If you feel like splashing out then an extra £3,895 will nets you keyless go, a panoramic roof, a very good Burmester stereo, and more advanced LED lights. We could live without these extras, given the price. 

While the E-Class's fully digital pair of displays made our jaws drop at first sight, their usability irked us somewhat.

They're endlessly reconfigurable – the digital driver cluster offering classic, sport or progressive look options (most of our pics show it in progressive, where you can choose what info you want to display either side of the central rev counter/speedo) – and controlled through a pair of touch-sensitive pads on the steering wheel, which take some getting used to using.

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If you've used Merc Comand before, then you'll be fine. After a week with it we were getting the hang of it – but compared to BMW's iDrive or Audi's MMi we found the Merc system a little less intuitive; it's just a little more complex and fiddly.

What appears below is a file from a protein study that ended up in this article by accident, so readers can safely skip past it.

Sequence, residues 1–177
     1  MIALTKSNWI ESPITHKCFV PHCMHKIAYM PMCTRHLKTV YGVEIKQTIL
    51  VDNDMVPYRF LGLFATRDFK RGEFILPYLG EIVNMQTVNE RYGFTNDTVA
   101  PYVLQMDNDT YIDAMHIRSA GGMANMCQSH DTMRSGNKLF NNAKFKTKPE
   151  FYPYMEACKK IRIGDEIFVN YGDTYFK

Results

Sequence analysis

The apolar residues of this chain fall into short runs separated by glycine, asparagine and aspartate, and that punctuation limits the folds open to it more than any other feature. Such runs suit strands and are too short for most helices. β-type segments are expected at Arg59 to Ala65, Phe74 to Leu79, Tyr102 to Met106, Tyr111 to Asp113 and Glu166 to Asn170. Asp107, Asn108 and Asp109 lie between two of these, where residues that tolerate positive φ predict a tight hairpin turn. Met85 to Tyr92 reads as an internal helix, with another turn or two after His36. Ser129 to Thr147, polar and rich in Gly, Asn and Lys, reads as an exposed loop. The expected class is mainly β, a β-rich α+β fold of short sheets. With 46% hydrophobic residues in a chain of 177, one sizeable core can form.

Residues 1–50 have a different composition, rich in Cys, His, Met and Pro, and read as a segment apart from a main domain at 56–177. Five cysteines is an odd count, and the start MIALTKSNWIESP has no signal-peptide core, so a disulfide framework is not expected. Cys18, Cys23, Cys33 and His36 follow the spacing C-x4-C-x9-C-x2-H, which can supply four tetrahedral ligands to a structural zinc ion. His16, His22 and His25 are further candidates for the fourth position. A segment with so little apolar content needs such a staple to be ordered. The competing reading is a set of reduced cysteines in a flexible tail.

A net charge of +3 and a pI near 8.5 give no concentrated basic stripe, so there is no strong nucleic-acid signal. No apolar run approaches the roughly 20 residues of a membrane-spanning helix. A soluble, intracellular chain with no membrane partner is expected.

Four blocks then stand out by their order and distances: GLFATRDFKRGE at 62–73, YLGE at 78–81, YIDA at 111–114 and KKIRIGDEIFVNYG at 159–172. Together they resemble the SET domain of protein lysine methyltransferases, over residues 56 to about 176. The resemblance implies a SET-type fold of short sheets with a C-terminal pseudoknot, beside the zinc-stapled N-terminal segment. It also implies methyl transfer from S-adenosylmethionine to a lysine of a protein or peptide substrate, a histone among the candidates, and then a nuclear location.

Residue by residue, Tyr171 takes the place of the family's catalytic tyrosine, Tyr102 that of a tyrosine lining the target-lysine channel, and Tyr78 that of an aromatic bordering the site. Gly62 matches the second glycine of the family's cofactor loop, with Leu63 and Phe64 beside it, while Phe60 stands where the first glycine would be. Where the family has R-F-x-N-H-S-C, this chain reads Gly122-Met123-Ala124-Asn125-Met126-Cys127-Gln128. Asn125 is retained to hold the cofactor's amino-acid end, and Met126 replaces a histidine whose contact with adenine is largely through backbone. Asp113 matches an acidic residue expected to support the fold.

Regardless, the cockpit is a stunning place to sit. With a slab of open grain wood on this model stretching from the door tops across the dash, underneath the double screens, it looks slick, modern and avoids the old-man look you might be expecting.

The central controller with touchpad on top was, again, something we found a little fiddlier to use than the BMW and Audi equivalents. This controller works in much the same way as its rivals but does without some of the menu button shortcuts and has some soft-key function shortcuts that we found too easy to miss.